Productivity vital for coal's survival: BHP boss

FOCUSING on productivity is the key if Australia’s coal industry is to address the sustained price declines of recent years, BHP Billiton coal president Mike Henry says.
Productivity vital for coal's survival: BHP boss Productivity vital for coal's survival: BHP boss Productivity vital for coal's survival: BHP boss Productivity vital for coal's survival: BHP boss Productivity vital for coal's survival: BHP boss

Illawarra Coal

Jack McGinn

Speaking at an American Chamber of Commerce lunch in Brisbane today, Henry said the coal price had declined dramatically over the course of the year, and the industry could not rely on a price recovery in the shorter term.

“Prices for metallurgical coal have fallen by a further 25-30% since the start of this calendar year and thermal coal by 10-15%,” he said.

“There are no signs of things getting better in the immediate term.”

Henry said the onus would be on coal producers to continue to lower costs and improve efficiencies to ensure the sector’s profitability.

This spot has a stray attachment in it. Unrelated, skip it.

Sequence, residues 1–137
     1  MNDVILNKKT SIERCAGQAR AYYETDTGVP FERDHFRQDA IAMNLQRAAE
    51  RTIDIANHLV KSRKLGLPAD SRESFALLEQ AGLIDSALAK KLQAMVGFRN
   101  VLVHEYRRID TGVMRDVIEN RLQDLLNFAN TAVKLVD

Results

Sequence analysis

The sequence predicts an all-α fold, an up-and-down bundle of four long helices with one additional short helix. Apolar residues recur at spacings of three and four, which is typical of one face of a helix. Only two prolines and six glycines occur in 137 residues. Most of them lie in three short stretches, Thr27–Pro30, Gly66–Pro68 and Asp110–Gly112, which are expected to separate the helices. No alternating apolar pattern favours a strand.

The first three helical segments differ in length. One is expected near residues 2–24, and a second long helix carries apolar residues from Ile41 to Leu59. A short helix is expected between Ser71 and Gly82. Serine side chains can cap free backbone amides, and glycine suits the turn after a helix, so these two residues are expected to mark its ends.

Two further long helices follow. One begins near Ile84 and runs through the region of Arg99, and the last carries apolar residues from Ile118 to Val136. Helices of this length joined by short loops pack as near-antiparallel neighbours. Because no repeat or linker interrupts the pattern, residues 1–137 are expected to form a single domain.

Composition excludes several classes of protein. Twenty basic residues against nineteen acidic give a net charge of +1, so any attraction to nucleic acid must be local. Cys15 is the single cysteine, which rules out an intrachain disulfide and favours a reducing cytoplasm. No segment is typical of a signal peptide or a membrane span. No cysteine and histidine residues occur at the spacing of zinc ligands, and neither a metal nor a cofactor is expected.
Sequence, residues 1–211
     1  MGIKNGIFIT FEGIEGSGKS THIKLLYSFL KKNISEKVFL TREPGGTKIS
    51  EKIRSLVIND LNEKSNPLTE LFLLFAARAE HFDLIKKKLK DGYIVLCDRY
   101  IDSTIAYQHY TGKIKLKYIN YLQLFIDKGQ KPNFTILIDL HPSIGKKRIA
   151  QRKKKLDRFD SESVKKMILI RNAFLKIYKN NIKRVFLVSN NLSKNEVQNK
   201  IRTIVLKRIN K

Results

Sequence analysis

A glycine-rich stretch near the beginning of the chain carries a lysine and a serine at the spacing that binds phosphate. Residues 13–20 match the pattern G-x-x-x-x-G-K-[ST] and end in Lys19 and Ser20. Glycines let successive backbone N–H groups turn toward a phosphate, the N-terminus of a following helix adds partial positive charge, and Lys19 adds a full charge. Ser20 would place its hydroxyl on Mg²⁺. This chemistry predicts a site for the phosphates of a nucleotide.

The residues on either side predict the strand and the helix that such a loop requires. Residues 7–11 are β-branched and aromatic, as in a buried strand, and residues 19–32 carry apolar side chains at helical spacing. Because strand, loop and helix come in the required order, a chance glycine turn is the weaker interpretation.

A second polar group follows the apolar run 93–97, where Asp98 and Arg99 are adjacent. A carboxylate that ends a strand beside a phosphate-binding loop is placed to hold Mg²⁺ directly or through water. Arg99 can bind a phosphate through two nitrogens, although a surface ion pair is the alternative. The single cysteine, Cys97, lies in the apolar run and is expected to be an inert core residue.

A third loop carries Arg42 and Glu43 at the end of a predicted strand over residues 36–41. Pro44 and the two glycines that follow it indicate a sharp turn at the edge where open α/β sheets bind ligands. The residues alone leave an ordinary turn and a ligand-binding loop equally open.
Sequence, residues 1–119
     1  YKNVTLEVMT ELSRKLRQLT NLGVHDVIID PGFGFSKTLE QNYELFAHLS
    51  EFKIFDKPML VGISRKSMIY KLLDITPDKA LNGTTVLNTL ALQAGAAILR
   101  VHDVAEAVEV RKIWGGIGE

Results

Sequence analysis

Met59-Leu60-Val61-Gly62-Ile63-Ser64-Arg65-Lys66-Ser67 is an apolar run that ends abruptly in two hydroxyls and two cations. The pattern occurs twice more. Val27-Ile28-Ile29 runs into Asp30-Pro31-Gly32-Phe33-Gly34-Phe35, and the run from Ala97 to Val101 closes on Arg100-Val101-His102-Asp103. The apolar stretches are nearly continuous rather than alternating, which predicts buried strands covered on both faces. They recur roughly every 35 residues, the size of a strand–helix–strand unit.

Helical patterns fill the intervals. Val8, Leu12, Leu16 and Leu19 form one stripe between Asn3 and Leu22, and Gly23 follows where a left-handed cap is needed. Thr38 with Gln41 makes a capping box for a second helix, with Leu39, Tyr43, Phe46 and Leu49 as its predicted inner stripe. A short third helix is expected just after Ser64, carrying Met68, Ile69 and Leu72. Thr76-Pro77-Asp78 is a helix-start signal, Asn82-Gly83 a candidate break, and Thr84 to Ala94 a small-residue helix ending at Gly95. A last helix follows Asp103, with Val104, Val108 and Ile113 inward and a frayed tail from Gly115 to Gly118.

“The financial sustainability of the Australian coal industry is wholly dependent on our ability to materially improve and sustain levels of productivity to stay one step ahead of our global competition,” he said.

Henry also said there was room for the industry to improve the quality of debate around coal.

“We can only hope to secure balanced support for the industry if we step up and help improve the quality of debate and the depth of understanding about what we do, why we do it – and how important it is,” he said.

Last week an informational campaign on the social and economic benefits of coal was launched by the Minerals Council of Australia and the Australian Coal Association Low Emission Technology covering TV, radio, press and online advertising.

Henry backed the industry to maintain its competitiveness in the long-term.

“We are confident that we and other in industry can rise to this challenge, particularly when supported by the right regulatory reform,” he said.

“Through this we can sustain industry attractiveness in a way that is good for the states, the nation, shareholders, and of course good for the more than 152,000 Australians who work in coal or are supported through related jobs.”

BHP shares were 0.8% lower at $A24.46 today.

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